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Wonkology: Continuing Resolution

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September, 2015

Wonkology: Continuing Resolution

A continuing resolution (CR) is a short-term appropriations bill that serves as a stop-gap to prevent a full or partial government shutdown. CRs extend all federal government discretionary spending not already approved by regular appropriations bills (and signed into law) by the beginning of the next federal fiscal year (October 1).

The CR in the Hat

CRs do not typically appropriate specific amounts for the operation of government programs. Instead, they most often provide program funding at the prior year’s level. If funding negotiations remain at a standstill while the federal government operates under a CR (ranging from a few days to a year in length), subsequent CRs can be passed to continue funding until a compromise is reached, often with the passage of an omnibus appropriations bill.

Two Become One

Another wrinkle is that some CRs in recent years have also been the legislative vehicle for final versions of one of the 12 regular appropriations bills. For example, the defense appropriations bill was included in a CR in 2011. What this means is that some appropriations in that type of legislation would be final (in the case of the 2011 CR, defense spending), while programs not yet finalized would still operate under a stop-gap to continue funding until Congress makes a final determination. A new moniker for this type of hybrid appropriation is “CRomnibus.”

One Fish, Two Fish, Red Fish, Blue Fish

Since 1977, there have only been four instances where a CR was not needed to keep the government operating. In theory, CRs are a simple extension of current funding into the next federal fiscal year. But even though House and Senate rules restrict inclusion of legislative language in regular appropriations bills, that restriction does not apply to CRs in the House, and the Senate has considerable leeway that can lead to the inclusion of legislative language. As a result of this and when combined with the fact that CRs are considered “must-pass” legislation, Congress can use CRs to amend or create new provisions of law and even to initiate new spending, sometimes at the request of the President. Importantly, policy riders governing specific spending provisions in a CR are subject to the CR’s expiration date.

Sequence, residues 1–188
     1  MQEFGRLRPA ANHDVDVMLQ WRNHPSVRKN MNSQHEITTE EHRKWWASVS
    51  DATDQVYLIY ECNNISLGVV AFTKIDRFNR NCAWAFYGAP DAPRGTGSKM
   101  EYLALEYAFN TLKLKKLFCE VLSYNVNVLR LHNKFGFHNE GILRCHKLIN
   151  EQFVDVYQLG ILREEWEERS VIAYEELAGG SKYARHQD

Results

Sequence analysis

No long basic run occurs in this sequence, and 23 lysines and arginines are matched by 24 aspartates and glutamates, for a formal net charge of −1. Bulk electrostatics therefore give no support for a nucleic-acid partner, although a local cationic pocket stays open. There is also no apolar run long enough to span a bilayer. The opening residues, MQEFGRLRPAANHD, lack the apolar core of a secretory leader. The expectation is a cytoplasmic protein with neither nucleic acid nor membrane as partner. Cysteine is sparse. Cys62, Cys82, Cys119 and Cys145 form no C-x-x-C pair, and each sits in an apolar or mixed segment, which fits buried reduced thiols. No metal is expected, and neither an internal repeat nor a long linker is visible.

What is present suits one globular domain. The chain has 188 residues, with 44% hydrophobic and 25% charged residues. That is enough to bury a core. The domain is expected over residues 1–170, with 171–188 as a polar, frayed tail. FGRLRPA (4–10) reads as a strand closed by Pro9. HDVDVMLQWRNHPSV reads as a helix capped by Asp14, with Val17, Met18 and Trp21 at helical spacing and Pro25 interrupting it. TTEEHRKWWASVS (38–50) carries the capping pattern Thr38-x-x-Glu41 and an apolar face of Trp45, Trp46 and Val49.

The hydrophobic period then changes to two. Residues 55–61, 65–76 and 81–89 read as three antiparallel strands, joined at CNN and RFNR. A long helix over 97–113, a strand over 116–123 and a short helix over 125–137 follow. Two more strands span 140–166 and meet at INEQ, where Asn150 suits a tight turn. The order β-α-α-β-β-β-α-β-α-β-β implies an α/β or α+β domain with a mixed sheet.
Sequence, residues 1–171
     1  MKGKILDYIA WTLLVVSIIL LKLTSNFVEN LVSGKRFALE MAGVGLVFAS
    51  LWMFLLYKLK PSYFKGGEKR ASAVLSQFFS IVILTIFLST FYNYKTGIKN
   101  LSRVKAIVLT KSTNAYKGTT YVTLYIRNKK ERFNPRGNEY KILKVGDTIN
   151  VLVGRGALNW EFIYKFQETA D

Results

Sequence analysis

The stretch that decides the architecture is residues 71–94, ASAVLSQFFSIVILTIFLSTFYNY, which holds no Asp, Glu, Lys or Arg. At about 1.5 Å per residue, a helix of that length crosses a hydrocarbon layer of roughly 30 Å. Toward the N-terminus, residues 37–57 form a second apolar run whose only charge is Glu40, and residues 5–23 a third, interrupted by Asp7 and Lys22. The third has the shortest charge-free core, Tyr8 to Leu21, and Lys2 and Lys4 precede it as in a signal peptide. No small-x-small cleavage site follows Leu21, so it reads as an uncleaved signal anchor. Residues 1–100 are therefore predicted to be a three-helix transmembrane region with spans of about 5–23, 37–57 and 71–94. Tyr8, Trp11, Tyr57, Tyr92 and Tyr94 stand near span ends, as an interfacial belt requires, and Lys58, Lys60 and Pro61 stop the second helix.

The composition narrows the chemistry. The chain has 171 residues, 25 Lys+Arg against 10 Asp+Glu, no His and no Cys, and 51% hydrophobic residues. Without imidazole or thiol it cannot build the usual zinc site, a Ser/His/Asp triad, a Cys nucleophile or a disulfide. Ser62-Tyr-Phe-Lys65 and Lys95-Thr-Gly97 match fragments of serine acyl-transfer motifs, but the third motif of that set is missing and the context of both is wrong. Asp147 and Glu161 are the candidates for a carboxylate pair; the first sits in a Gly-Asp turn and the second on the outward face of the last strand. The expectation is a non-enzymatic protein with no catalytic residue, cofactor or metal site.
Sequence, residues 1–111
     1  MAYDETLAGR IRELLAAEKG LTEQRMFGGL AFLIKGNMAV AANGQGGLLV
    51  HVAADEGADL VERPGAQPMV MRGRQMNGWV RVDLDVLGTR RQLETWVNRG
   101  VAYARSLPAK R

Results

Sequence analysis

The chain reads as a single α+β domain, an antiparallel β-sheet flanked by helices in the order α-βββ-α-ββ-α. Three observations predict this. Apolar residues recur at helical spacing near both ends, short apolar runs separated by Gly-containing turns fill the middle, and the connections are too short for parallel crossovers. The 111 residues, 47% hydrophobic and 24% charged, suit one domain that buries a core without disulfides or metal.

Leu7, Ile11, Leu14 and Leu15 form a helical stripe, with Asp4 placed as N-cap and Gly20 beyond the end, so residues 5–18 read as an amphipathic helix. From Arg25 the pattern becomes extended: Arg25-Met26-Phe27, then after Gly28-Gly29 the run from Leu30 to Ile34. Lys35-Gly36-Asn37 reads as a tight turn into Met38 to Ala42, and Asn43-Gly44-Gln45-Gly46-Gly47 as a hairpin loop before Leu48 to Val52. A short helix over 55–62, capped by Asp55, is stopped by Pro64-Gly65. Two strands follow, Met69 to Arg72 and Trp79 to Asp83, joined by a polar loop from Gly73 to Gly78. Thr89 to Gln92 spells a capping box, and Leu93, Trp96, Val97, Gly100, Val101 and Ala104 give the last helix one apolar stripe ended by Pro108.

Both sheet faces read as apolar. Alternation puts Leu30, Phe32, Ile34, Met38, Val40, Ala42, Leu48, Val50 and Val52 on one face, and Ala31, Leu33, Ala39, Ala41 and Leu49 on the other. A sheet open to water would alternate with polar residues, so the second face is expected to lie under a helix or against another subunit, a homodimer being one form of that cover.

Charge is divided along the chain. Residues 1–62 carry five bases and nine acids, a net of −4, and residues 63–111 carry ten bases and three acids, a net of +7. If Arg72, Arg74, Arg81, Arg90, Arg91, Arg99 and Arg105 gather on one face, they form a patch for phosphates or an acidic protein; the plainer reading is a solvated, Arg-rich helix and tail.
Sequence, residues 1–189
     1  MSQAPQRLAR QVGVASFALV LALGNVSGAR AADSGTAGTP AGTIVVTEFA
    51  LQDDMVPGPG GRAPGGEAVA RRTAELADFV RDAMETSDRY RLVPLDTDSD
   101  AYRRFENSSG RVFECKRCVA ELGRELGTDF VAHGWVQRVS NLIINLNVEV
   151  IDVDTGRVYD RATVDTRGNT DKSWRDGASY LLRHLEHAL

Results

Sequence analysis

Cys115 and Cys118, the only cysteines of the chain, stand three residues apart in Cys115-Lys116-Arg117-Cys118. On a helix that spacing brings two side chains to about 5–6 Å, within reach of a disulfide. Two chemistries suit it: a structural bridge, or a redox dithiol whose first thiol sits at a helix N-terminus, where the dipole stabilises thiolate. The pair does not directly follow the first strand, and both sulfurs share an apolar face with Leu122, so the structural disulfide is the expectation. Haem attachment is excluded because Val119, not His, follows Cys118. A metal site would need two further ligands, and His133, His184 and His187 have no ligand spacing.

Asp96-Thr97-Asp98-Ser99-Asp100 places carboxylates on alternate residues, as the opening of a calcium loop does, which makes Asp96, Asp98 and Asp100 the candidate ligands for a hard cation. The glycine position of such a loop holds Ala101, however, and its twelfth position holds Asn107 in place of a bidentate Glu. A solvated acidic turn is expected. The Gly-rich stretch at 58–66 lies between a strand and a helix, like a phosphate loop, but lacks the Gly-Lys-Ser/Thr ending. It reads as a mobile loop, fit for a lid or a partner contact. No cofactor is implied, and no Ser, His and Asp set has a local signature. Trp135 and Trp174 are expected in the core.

Horton Hatches a CR

Due to the continued breakdown in regular order in the appropriations process this year, including disagreements over Obamacare and the display of the Confederate flag at federal grave sites, even Speaker Boehner has admitted that Congress will need to pass a CR to avert a government shutdown at the end of this month. Not a single appropriations bill has made it to the President’s desk so far in 2015. Complicating the process, conservatives in the Republican caucus are threatening to vote against any CR that includes funding for Planned Parenthood. Congress will only have 10 legislative days in September to draft a compromise CR that the President would be willing to sign.


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